14. ארץ [ERETZ] – LAND

(Listen to https://www.youtube.com/watch?v=PYvsK1jjx4I if available)

Not all words are created equal. The vocabulary of a language is made up of many different kinds of words: nouns, pronouns, verbs, adjectives, gerunds and more. Each of these words plays a different role in a sentence.  Of all the different word types – by far the most abundant are nouns. It is impossible to count them all – do you count ‘dog’ and ‘dogs’ as 2 different words? Are chemical names words? To give an idea of the statistics – there are around 750,000 distinct words in the Oxford English Dictionary – of which more than half are nouns. Or, if you look at a typical page of text, about three-quarters of the words on it will be nouns.

It is surprising that so few of the words we have looked at so far have been nouns. We have now reached the 20th Hebrew word in our frequency list – yet have only seen only one. Nouns are everywhere – but each one is relatively rare. Exceedingly common words are structure words or parts of speech. On the other hand, most of the rarest words in a language are nouns.

The word we are looking at today is the second noun on our list. The word  ארץ [Eretz] means Land. It is perhaps surprising that ארץ  is so high on the list – in English, for example, the word LAND only comes in at position 567! But a language is the face of a culture, and Hebrew reflects Jewish culture. The frequent use of the word ארץ  says a lot about how important the concept of the Land is to Jews.

Our frequency list is built on different usages of the language, and the word ארץ  is common in them all.  In the Bible – the word ארץ   makes it first appearance in the first verse of the Torah. In the Siddur, the Hebrew Prayer Book, returning to the Land of Israel, a central aspiration of the Jewish people, is part of every daily prayer. We thank God for the Land every time we eat a meal. During the 19th and 20th centuries, the time of the revival of Modern Hebrew, the place of the Land of Israel was the central focus of debates of the early Zionists. These were the people who brought the Hebrew language back to life. And in present day Hebrew we still constantly talk about the Land, its rights and its wrongs, arguably more than most other peoples.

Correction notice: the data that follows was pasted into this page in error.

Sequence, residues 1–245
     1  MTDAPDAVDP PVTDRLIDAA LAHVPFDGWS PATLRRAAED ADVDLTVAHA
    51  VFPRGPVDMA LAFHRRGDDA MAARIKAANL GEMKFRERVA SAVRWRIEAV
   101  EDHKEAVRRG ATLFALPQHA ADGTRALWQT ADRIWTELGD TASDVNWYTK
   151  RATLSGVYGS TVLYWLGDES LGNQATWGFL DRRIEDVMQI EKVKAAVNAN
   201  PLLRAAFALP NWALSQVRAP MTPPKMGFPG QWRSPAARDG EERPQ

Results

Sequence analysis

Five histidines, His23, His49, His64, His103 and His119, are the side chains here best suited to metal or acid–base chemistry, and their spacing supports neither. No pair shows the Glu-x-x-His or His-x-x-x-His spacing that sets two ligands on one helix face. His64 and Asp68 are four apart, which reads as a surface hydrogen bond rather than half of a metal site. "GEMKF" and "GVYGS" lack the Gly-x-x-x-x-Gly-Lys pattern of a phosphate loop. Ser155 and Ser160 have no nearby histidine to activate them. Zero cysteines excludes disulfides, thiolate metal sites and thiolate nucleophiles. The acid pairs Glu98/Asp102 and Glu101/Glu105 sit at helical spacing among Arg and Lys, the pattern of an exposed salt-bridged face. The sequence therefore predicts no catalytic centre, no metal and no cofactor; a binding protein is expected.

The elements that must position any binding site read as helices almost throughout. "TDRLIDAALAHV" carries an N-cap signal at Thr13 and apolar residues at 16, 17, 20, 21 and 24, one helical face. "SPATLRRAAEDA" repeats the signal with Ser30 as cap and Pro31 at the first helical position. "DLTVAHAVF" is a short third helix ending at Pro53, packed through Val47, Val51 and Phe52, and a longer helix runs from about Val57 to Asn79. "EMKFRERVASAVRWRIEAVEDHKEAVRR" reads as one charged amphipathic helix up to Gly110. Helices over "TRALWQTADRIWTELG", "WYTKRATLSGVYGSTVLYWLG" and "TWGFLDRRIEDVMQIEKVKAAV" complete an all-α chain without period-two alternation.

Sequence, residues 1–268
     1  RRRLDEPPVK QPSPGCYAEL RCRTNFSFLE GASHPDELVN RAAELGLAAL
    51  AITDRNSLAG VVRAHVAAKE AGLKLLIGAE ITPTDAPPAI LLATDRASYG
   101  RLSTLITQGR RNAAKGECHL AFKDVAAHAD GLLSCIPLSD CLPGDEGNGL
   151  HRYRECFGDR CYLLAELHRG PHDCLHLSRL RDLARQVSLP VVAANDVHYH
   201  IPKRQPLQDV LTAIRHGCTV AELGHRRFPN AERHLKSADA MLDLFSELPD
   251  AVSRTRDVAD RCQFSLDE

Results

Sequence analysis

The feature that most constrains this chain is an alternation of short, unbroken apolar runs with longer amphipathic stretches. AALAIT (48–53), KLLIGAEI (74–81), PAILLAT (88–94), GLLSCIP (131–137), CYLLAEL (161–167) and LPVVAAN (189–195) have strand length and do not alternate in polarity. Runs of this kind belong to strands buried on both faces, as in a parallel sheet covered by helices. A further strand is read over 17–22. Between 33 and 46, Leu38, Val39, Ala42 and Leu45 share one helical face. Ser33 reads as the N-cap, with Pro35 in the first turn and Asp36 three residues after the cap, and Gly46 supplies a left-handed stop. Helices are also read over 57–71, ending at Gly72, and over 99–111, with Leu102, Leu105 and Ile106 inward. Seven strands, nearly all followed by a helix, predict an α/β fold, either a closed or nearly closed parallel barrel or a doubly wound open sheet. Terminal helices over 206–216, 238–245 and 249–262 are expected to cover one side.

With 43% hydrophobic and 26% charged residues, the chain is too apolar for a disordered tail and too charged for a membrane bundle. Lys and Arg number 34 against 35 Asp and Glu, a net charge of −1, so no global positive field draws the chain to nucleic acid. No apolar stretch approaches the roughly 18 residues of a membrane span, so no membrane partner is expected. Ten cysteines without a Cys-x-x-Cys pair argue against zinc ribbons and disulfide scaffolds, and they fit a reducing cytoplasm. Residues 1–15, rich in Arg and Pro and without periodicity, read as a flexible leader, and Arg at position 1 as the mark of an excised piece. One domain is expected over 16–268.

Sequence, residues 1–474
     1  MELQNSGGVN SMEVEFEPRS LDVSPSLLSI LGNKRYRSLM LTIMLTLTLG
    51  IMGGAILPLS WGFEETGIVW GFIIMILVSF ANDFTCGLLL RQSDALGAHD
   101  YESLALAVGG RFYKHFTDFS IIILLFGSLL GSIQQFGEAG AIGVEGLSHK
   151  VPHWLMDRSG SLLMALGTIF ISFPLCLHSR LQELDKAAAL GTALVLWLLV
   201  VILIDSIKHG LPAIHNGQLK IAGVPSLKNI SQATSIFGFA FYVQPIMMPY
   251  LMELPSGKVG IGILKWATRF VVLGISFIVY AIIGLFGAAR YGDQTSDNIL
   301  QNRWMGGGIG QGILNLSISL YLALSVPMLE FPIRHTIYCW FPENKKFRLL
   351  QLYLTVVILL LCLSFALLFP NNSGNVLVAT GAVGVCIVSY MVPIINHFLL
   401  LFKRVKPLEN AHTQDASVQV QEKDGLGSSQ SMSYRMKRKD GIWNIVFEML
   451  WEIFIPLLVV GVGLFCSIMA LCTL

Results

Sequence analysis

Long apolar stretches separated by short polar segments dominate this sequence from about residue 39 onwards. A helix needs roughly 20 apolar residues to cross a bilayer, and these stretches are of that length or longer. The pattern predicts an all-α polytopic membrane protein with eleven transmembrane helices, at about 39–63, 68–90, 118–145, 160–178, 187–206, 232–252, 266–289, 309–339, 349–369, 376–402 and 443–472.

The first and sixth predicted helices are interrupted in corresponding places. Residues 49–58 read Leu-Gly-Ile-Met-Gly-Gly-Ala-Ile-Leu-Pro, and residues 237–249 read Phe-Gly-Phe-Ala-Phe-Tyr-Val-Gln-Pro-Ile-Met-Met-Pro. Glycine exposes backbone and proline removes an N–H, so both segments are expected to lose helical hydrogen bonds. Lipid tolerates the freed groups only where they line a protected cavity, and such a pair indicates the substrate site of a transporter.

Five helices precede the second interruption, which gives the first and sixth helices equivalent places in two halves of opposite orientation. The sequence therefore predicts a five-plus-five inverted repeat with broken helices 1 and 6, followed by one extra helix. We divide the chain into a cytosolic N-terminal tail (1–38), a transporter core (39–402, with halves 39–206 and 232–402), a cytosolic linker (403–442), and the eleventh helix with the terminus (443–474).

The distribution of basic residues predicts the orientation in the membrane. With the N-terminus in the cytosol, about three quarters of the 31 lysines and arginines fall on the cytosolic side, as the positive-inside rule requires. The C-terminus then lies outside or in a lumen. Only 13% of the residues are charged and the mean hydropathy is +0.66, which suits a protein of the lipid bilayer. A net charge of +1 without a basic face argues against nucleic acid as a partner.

Given this focus, it’s not surprising that we find some radical teachings about the Land of Israel in Rabbinic literature. A person who does not live in the Land is regarded as one who almost has no God. The is based on the verse in Leviticus [25:38] ‘I am the Lord your God, who brought you out of the land of Egypt, to give you the Land of Canaan, to be you God.’  In Jewish Divorce Law, the wish of one of the partners of a marriage to immigrate to Israel is considered proper grounds for divorce. The Land occupies a very special place in the Jewish Psyche.

Historically, the Jews have been known as a wandering people. They are found in almost every country on earth. Perhaps that is why the idea of a Land occupies such an import place in Jewish life.

Rabbi Chaim Weiner

 

Our thoughts and wishes are with our friends in France during these difficult days.

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Jewish Journeys with Rabbi Chaim Weiner. Now booking trips to Salonika (March, 2015) and Uzbekistan (May and October 2015).

Visit http://www.jewishjourneysltd.com for details.

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My Hebrew Word thanks the World Zionist Organisation and Masorti Olami for their support of this Project.

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2 comments

  1. Given this focus, it’s not surprising that we find some radical teachings about the Land of Israel in Rabbinic literature. A person who does not live in the Land is regarded as one who almost has no God.

    Who said that, and when, and where did they live? Until the last few years, there was no time since the origin of rabbinic Judaism in which the majority of Jews—including the majority of rabbis since at least the Bar Kochba revolt—did not live in the Diaspora.

    In Jewish Divorce Law, the wish of one of the partners of a marriage to immigrate to Israel is considered proper grounds for divorce.

    And indeed in the early years of Zionism, my great-great-great-grandmother told my great-great-great-grandfather that she wished to make aliyah and build up the Land. He said, “Don’t be daft; I’ve got a farm to run here.” She said, “I’m going anyway,” so he gave her a get.

    1. The source for this section is the Babylonian Talmud, Ketubot 110b.

      You are right that the majority of Jews lived outside of Israel at this time. But there was a fierce rivalry between the Rabbis of Israel and the Rabbis of Babylon about which centre of Jewish learning was the most important. The whole debate in the Talmud there is best understood as part of this rivalry.

      RCW

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